"This book does not claim to be a history of the clipper ships, although Mr. Lubbock's illuminating text sets out the salient points of the history and performances of typical vessels of the clipper ship era. One chief purpose has been adequately and handily to present a selection from amongst Mr. Spurling's pictures, painted for The Blue Peter, reproducing, by a special process, their original qualities of form, movement and colour."

    This modesty however, belied the quality of the production, both text and illustrations, and the first volume of the book was so well-received that, in due course, two more followed to form the now familiar set, beautified throughout with Spurling's accomplished paintings.

    As to the vessel herself, Port Jackson – named for the inlet on the east coast of Australia usually known as Sydney Harbour – was designed by Alexander Duthie and built in Hall's yard at Aberdeen in 1882. Costing £29,000 to build and intended for the Australian wool trade, she was registered at 2,212 tons gross (2,132 net) and measured 286 feet in length with a 41 foot beam. Amongst his many paeans of praise, Lubbock also says of her that "as a specimen of an iron ship of this era, Port Jackson was hard to beat. She was always celebrated for her good looks, and her performances equalled them." On her maiden voyage out she made Sydney in 77 days, the first four-masted barque ever to do the run in under 80 days, and this remains a record to this day. Her best-ever run was 345 miles in 24 hours, an extraordinary distance for a sailing vessel of her size and tonnage. Her first master, Captain Crombie, stayed with her for nearly ten years, during which time she 'turned heads' wherever she went. Quite apart from that record passage out to Australia in 1882, Crombie also enjoyed the kudos of his celebrated run of 39 days, Sydney to San Francisco, when he arrived in the 'Golden Gate' a mere three days behind the mail steamer, both having left port together.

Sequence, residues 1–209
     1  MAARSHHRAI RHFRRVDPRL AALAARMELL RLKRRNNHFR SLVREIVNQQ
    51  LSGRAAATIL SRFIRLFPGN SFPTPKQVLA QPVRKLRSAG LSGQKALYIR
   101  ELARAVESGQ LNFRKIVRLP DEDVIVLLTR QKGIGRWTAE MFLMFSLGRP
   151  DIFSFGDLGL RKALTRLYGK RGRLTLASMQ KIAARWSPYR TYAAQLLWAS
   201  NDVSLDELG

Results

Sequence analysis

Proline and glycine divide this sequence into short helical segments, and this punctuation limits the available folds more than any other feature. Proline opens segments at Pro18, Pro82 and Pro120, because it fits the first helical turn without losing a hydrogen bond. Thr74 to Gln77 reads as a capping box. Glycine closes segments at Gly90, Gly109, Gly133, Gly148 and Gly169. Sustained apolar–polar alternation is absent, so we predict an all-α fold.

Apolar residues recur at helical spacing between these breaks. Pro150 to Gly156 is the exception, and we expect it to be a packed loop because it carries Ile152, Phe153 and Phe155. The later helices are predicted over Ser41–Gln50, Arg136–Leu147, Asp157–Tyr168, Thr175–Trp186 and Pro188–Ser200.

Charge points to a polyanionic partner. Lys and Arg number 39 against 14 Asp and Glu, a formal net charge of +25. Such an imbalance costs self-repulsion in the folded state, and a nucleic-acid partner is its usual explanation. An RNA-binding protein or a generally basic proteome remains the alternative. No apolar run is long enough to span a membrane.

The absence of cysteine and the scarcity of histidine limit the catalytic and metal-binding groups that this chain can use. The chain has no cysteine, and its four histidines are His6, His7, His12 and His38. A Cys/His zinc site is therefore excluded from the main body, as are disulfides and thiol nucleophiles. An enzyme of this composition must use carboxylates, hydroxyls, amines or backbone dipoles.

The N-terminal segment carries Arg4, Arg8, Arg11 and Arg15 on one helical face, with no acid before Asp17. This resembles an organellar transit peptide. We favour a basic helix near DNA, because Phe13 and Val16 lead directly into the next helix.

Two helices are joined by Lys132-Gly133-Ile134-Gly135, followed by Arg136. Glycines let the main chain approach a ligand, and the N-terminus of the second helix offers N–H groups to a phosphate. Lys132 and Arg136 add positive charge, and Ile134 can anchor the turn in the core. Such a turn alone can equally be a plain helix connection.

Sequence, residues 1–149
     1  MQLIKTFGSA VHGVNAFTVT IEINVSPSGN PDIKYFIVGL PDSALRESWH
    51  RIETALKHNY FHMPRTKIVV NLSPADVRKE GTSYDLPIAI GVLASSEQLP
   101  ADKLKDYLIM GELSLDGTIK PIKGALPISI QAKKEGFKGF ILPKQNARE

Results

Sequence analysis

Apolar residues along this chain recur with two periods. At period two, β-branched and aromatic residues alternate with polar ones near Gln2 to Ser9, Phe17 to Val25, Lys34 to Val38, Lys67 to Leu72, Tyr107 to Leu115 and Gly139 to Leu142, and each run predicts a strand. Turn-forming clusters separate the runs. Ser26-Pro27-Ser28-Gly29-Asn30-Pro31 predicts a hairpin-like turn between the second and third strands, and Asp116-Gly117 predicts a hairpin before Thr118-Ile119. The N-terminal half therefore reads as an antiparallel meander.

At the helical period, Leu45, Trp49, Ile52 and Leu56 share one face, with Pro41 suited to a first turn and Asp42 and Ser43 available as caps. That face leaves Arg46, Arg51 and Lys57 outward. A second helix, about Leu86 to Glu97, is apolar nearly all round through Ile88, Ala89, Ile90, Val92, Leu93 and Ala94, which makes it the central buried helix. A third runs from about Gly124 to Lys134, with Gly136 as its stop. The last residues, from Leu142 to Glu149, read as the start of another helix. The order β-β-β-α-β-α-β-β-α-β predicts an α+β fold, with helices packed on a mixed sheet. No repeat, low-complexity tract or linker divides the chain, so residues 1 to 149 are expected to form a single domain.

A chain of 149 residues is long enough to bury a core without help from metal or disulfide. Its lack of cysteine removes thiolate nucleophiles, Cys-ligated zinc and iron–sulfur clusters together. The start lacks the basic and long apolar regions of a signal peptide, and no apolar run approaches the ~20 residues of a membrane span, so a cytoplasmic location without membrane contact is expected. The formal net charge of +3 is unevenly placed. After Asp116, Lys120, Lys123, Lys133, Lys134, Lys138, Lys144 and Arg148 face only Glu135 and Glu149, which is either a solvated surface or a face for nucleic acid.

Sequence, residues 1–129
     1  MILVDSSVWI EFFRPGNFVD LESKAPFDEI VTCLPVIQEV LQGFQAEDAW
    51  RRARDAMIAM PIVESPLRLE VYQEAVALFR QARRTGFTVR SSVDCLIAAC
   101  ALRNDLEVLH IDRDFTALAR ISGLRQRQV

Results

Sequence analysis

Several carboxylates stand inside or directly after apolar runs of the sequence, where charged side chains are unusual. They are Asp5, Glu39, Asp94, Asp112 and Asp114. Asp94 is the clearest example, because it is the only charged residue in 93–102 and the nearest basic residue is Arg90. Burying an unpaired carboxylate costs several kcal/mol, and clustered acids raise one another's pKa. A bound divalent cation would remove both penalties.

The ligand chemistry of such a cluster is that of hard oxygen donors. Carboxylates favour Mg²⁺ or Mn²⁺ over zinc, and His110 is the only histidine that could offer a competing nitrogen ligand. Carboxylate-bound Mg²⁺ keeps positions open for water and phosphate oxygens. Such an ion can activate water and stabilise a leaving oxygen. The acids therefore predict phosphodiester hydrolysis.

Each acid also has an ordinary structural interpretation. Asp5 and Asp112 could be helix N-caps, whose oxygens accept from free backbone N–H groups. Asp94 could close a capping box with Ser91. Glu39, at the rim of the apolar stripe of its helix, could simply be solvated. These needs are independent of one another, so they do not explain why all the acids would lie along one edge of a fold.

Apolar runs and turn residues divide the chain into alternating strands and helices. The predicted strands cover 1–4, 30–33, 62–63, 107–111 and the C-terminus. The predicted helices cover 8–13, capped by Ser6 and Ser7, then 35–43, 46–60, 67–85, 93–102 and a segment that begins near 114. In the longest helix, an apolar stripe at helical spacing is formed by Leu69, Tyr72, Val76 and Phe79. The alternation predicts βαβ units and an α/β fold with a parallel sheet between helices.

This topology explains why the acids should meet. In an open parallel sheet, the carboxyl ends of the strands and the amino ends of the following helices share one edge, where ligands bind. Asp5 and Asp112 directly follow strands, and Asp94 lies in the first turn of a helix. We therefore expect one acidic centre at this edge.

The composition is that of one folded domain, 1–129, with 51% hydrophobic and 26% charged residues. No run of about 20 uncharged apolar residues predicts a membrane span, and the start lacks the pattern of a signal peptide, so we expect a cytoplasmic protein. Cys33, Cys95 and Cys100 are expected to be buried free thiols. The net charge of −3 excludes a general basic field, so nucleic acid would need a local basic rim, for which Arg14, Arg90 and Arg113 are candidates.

Despite all this celebrity, the Australian wool run was a fairly routine operation and Port Jackson maintained her excellent if uneventful schedules until 1904 when, thanks to falling freight rates, she was laid up in the Thames pending sale. In 1906, as it began to look as if she was heading for the breakers' yard, she was bought by Devitt & Moore and put to work as a training ship for the company's cadets. For the next eight years she sailed regularly to Australia and back with a cadet crew, but was laid up at Grimsby when War was declared in August 1914. Soon back at work due to the wartime shipping shortages, she survived almost three years until, on 28th April 1917, she was sunk without warning by a German submarine in the Irish Sea whilst en route home from Buenos Aires with a cargo of wheat; 15 men were saved but her master and 12 crew were lost.